South Ossetia is a tiny country of just some 100,000 people. Most people would struggle to find it on a map. Yet the consequences of the brief war fought in August by Russia and Georgia, after Georgia had launched a treacherous blitzkrieg attack on the South Ossetian capital of Tskhinvali, massacring some 2,000 innocent civilians and Russian peacekeepers, operating under an international mandate, have led not only to the independence of South Ossetia and Abkhazia.
By inflicting a humiliating, and well-deserved, punishment on the US-puppet regime of Georgian President Saakashvili, Russia has set in train a radical realignment of global politics, whose ramifications are being, and will be, felt in every part of the world.
Shocked by the humiliating defeat suffered by its Georgian lapdog, which it had groomed, petted, instigated and incited to act as its chief proxy in the Caucasus against Russia and any regime in the area that might harbour a modicum of anti-imperialist and independent spirit, US imperialism not only launched into a war of words with Russia, it also sent Vice President Dick Cheney on a visit to Georgia, Ukraine and Azerbaijan to prop up the pro-western regimes (although he was rebuffed in Azerbaijan as the canny government in Baku is capable of telling which way the wind is blowing and is now invigorating relations with both Russia and Iran); it pushed through long-mooted plans to station provocative ‘Missile Defence’ (MD) systems in Poland and the Czech Republic; and it instigated an attack on the Russian economy, which saw the value of shares on the Moscow stock exchange collapse, with trading being suspended for two days.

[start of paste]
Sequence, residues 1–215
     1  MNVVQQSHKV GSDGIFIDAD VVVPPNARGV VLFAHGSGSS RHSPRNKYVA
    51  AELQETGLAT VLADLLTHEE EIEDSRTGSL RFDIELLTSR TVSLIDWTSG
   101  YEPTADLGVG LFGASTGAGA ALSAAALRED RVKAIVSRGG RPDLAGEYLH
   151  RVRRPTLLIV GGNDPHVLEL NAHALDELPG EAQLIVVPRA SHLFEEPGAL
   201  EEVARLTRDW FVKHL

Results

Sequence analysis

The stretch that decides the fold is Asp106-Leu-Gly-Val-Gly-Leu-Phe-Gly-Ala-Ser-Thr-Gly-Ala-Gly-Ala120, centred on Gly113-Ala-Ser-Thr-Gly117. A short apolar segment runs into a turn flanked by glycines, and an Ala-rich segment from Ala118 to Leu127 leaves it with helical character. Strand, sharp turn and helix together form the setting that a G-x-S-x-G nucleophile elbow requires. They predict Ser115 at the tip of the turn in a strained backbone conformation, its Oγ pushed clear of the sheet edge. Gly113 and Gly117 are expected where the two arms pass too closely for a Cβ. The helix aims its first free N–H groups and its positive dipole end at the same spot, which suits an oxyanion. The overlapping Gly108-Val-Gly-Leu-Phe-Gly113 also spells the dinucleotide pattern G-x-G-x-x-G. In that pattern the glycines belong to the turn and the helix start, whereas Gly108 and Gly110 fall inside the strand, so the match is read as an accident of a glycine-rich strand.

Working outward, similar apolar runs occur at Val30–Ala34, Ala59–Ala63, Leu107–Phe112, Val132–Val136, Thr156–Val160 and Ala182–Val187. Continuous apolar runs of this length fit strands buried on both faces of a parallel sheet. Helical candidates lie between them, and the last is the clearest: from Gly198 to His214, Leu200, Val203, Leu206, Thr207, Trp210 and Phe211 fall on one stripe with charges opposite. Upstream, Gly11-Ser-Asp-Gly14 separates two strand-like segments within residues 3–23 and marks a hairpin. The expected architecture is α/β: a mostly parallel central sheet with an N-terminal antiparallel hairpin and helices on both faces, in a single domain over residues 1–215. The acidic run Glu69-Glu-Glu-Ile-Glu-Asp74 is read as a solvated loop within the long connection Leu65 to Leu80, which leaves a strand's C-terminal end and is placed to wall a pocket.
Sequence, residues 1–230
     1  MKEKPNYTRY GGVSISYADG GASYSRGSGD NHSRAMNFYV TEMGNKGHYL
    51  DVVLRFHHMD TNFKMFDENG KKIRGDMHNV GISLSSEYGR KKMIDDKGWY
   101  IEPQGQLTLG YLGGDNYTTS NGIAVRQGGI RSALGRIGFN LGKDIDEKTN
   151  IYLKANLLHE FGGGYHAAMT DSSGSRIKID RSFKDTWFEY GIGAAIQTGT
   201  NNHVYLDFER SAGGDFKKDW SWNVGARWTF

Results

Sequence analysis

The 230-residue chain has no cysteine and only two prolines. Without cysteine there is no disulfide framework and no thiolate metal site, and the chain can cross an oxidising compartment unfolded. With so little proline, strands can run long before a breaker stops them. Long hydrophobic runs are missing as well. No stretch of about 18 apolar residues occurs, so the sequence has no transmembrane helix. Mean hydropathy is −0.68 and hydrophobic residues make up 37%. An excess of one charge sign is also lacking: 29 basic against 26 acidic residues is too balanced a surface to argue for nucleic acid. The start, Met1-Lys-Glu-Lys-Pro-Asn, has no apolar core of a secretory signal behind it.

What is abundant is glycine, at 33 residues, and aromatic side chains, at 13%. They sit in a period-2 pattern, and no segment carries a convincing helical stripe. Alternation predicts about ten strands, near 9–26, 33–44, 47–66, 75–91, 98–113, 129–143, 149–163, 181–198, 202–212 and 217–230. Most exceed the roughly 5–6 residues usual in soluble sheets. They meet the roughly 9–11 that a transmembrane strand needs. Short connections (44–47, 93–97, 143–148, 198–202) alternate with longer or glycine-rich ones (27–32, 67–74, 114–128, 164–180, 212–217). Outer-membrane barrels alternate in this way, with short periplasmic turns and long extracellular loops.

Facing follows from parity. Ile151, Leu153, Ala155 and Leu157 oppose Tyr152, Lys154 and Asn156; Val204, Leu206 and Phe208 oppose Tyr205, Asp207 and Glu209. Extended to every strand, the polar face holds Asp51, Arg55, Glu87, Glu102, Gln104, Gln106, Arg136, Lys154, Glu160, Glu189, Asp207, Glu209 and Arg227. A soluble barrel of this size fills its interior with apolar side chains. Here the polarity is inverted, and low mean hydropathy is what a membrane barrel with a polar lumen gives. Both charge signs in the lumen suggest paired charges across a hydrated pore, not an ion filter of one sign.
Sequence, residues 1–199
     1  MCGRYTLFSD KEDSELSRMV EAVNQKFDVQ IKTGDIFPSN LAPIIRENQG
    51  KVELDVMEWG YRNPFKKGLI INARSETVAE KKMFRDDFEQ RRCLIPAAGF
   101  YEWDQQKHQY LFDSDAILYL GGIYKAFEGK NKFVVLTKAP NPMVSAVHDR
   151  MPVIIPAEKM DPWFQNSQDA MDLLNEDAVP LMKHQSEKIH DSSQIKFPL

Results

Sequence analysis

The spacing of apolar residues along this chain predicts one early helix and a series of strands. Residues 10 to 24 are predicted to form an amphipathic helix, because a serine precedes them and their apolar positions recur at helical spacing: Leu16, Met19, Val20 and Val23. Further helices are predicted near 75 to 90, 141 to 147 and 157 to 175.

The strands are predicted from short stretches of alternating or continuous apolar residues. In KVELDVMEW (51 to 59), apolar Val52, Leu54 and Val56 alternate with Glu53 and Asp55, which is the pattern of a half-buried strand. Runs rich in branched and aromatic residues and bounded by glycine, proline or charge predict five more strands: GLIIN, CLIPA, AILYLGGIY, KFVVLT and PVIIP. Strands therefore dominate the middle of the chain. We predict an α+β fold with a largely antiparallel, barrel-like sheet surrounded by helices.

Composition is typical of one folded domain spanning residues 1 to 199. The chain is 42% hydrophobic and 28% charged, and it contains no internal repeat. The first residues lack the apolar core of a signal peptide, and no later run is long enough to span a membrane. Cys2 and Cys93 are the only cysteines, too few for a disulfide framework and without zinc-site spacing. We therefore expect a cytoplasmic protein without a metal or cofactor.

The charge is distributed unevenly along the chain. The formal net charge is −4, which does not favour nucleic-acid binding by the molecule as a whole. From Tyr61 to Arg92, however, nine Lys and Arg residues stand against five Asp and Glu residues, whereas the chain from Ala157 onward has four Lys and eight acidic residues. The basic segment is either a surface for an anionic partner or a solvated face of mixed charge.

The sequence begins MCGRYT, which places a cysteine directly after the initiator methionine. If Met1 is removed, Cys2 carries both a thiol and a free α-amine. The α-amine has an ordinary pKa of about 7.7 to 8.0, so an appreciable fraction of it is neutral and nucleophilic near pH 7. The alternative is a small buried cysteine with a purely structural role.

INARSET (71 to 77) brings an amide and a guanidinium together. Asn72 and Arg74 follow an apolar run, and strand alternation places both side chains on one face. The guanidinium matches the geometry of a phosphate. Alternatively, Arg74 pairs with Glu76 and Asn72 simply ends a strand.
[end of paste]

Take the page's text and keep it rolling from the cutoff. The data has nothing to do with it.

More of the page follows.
However, none of this has succeeded in diverting the Russian leadership from its new, more assertive stand. Prime Minister Vladimir Putin retorted:
“What did you expect us to do? Respond with a catapult? … We punched the aggressor in the face. Did you expect us to wipe the bloody snot off our faces and bow our heads?”